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Old 01-18-2018, 05:27 AM   #11
StoryWriter
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Default Re: Little Raj Writing Help

In your "Notes" tab on your site you say:

Quote:
Now, the “About” section offers a partial justification for this being one of the top notes services.
No it doesn't -- not even close. Your "About" section is unfocused. It doesn't make a point and you continually contradict yourself. Going back and forth, at times you seem to be despondent, implying Hollywood and screenwriting is not your thing at other times you're desperate to get your "Duck" script back and get it set-up.

You lament that you didn't write more when you had a well-known agent at a powerful agency. But you also seem to want to justify not writing. I'm not an agent and have never attempted get one, but I don't think any literary agent will keep a client, indefinitely, when that client refuses to give her something to sell.

I'm sorry your script deal fell though. But as you say yourself -- it's unfortunately very common. You had people in your corner pushing for this deal much harder and much longer than most would have and you got paid $400,000. A lot more of a consolation prize than most screenwriters ever get.

I don't know why you think a meandering, overly-long, near-diatribe, that could be titled; "My Angst About The Script That Nearly Got Filmed", is a good idea when you're trying to sell script notes.

The best advice in the "About" section was written to you, by the unnamed Editor-in-Chief of "Details". But it looks like you ignored it.

Quote:
Dear Neeraj,

OK -- I think you have potential. You seem to have
balls, and despite a tendency for overwriting, you
have some skill at constructing a story. Now, how
about proposing a story with a little more content?

Best,
Good luck.
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Old 01-18-2018, 08:03 AM   #12
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Default Re: Little Raj Writing Help

Quote:
Originally Posted by StoryWriter View Post
In your "Notes" tab on your site you say:



No it doesn't -- not even close. Your "About" section is unfocused. It doesn't make a point and you continually contradict yourself. Going back and forth, at times you seem to be despondent, implying Hollywood and screenwriting is not your thing at other times you're desperate to get your "Duck" script back and get it set-up.

You lament that you didn't write more when you had a well-known agent at a powerful agency. But you also seem to want to justify not writing. I'm not an agent and have never attempted get one, but I don't think any literary agent will keep a client, indefinitely, when that client refuses to give her something to sell.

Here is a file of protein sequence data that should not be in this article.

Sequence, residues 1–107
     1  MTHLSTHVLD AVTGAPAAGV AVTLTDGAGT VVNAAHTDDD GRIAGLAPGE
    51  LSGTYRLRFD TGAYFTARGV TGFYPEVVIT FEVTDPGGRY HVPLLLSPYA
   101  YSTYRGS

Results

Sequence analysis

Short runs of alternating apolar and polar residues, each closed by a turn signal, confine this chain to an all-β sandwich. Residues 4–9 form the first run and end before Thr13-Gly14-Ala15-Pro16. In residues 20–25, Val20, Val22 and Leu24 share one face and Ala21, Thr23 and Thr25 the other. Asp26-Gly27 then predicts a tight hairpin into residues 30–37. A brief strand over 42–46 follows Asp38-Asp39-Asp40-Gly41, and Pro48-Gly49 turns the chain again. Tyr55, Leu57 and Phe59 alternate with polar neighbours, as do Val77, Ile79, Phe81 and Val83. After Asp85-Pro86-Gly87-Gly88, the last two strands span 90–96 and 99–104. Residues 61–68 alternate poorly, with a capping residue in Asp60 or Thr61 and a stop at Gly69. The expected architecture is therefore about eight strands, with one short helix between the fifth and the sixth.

I'm sorry your script deal fell though. But as you say yourself -- it's unfortunately very common. You had people in your corner pushing for this deal much harder and much longer than most would have and you got paid $400,000. A lot more of a consolation prize than most screenwriters ever get.

I don't know why you think a meandering, overly-long, near-diatribe, that could be titled; "My Angst About The Script That Nearly Got Filmed", is a good idea when you're trying to sell script notes.

The best advice in the "About" section was written to you, by the unnamed Editor-in-Chief of "Details". But it looks like you ignored it.



Good luck.
Speaking of diatribe, did you even read what AnyOtherName just said??

Who gains by this type of comment?

If you had paid for notes and been unhappy, then perhaps your own diatribe might be deserved, but otherwise it's hard to know what inspires this. Are you worried about his potential customers, or ___?

And I couldn't help but feel you're being a little passive agressive, with your "I'm sorry your script deal fell through" and your "good luck." Is that meant to soften the tone? Because here's my note to you on your note: it doesn't.
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Old 01-18-2018, 09:15 AM   #13
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Default Re: Little Raj Writing Help

Quote:
Originally Posted by SBdeb View Post
Speaking of diatribe, did you even read what AnyOtherName just said??

Who gains by this type of comment?

If you had paid for notes and been unhappy, then perhaps your own diatribe might be deserved, but otherwise it's hard to know what inspires this. Are you worried about his potential customers, or ___?

And I couldn't help but feel you're being a little passive agressive, with your "I'm sorry your script deal fell through" and your "good luck." Is that meant to soften the tone? Because here's my note to you on your note: it doesn't.
Me -- "passive aggressive"? Did you even read what he wrote? I know it's book length, but did you start, at least?

He was MUCH harder on himself than I could ever be. And the theme of what he wrote was about the "Duck" script deal falling through. He mentioned it over and over again. I didn't pick any scab that he didn't pick at least a dozen times, himself.